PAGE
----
If one word defined the running career of Roger Gilbert Bannister, it would have to be the number ‘three’.
Words came before it in Norris McWhirter’s ‘spontaneous’, rehearsed-in-the-bathtub-the-night-before, announcement of the result of the mile in the Oxford v AAA meeting on 6 May, 1954. Words followed, too, but they were lost in the pandemonium that ensued as soon as he uttered the word “three”.
As in three minutes 59.4 seconds. For the first time in history, a man had run a mile in under four minutes.
For Bannister and his supporters it was victory in a race that was every bit as important as the one he had just completed at Oxford University’s Iffley Road track. Getting there was the culmination of a quest he had embarked upon when he returned disappointed from the Helsinki Olympic Games little over 18 months earlier. He had decided then that he would devote another two years to athletics with the aim of being the first to run the mile in under four minutes.
It is one thing to set your own goals, but you cannot control the ambitions of others. Two other young men who had returned home, chastened, from Finland – John Landy of Australia and Wes Santee of the USA, also dedicated themselves to the four-minute chase. All three wanted to run the first sub-four, but Bannister and his backers were determined to achieve the honour for Britain.
Thus, Bannister, who died on 3 March, saw a real need to be first man to break the barrier. If he ever wavered in his commitment to the ultimate goal, one of his camp would steel him up again. On the very morning of the race, as he travelled up to Oxford from London by train full of the usual doubts about the weather, his own condition – in short, just about everything – Franz Stampfl told him:
“If you forgo this chance, would you ever forgive yourself. Nobody knows what the future holds. Wes Santee or John Landy may do it first.”
Stampfl continued with the usual stuff about falling under a bus, being struck down by injury – but there it was in stark simplicity: “Santee or Landy may do it first.”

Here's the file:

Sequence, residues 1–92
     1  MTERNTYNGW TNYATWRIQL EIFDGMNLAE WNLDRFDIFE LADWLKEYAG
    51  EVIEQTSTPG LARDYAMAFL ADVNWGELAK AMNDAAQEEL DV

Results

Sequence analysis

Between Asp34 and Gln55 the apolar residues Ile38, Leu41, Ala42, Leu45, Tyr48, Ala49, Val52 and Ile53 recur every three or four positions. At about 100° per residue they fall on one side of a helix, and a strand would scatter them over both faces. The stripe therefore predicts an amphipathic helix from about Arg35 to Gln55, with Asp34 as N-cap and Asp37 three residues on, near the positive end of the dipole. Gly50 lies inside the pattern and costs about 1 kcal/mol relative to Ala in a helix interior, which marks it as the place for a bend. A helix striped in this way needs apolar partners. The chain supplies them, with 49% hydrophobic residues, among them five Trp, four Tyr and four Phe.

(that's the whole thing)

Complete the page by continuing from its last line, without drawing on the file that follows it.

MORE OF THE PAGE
The narrative of the remainder of 1954 is well known (if you are not familiar with it, shameless self-promotion alert, order The Landy Era through Runners’ Tribe). Forty-six days after Bannister’s 3:59.4, Landy ran 3:57.9 to take the world record off his rival and set up a climactic clash in The Miracle Mile at the British Empire and Commonwealth Games in Vancouver later that year.
The Vancouver mile, promoted like a heavyweight title fight, was the classic meeting of the bold front-runner (Landy) and the feared kicker (Bannister). At one point, there was even talk that Santee might run, as if the War of Independence had never been fought and won – but though the sun may never have set on the British Empire, nor did that same sun shine on Americans. Santee, instead, provided expert commentary on the race which was televised live into the US.
Bannister won that race, too. Landy managed to drag his opponent way out of his comfort zone, Bannister having to make a big effort to close most of a 15-metre gap in the third lap. But the Englishman had enough kick left to spurt past Landy off the final bend to win by five metres.
Thanks to Landy’s front-running, the only two men ever to have broken four minutes both did so again in a championship race: Bannister 3:58.8, Landy 3:59.6., daylight third.
This was the perfect mile, wrote Neal Bascomb in his book of the same name (‘The Perfect Mile,’ Collins Willow).
“It was (Bannister’s) finest moment. He had beaten the best of competitors in John Landy. He had brought glory to his country. He had captured victory in a race greater than any numerical barrier. Roger Bannister had run the perfect mile.”
It is a view both the main protagonists shared. Pleasingly, many of the Bannisters obituaries and tributes published this last week have included his summation of his career.
“Racing in the Olympics and Commonwealths is more important than breaking records,” Bannister said in a 2004 interview marking the fiftieth anniversary of his run.
“Vancouver was the pinnacle of my athletics career. It is very difficult to break records during Olympic competition, but winning races was better than holding world records.”
Bannister retired after 1954, Lady would have had he won in Vancouver.
“The most important race of my life to me was to beat Bannister in Vancouver,” Landy said in The Landy Era. “I don’t think I would ever have run again if I’d done that.”
Instead, it was Bannister who won. A few weeks later, he closed his career with an easy victory in the 1500 metres at the European championships.
Roger Bannister went on to achieve many things, as an eminent physician and neurologist, as chairman of the UK Sport Council, as an inspiration to others, among other things. He always emphasised that he wanted to be known for his achievements beyond running.
Many of us would agree with his view that his greatest athletic achievement was the win over Landy in Vancouver. Even 64 years later, the wider world still can’t seem to get beyond the first sub-four.
But there it is. From the moment the word “three” escaped Norris McWhirter’s mouth, that was always going to be Roger Bannister’s fate.
About the author: Len Johnson has been the long-time lead columnist on RT and is one of the world’s most respected athletic writers.
He is also a former national class distance runner (2.19.32 marathon) and trained with Chris Wardlaw and Robert de Castella among other running legends. He is the author of The Landy Era.